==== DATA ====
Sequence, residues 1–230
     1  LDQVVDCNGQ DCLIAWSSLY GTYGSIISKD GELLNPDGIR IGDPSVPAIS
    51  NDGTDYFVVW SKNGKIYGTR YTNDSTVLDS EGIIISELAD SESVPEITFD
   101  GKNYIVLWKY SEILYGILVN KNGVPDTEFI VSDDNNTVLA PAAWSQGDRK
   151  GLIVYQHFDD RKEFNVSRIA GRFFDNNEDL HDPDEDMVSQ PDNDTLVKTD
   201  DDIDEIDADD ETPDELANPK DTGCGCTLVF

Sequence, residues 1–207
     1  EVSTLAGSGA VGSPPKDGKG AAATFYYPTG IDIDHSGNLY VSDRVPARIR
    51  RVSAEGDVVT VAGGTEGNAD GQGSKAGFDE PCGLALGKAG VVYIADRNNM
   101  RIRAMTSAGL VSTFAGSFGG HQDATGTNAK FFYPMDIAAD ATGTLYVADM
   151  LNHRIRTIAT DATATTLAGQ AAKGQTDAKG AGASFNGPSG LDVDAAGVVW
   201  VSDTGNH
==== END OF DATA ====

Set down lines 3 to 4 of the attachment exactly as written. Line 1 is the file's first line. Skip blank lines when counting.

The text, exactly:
    51  NDGTDYFVVW SKNGKIYGTR YTNDSTVLDS EGIIISELAD SESVPEITFD
   101  GKNYIVLWKY SEILYGILVN KNGVPDTEFI VSDDNNTVLA PAAWSQGDRK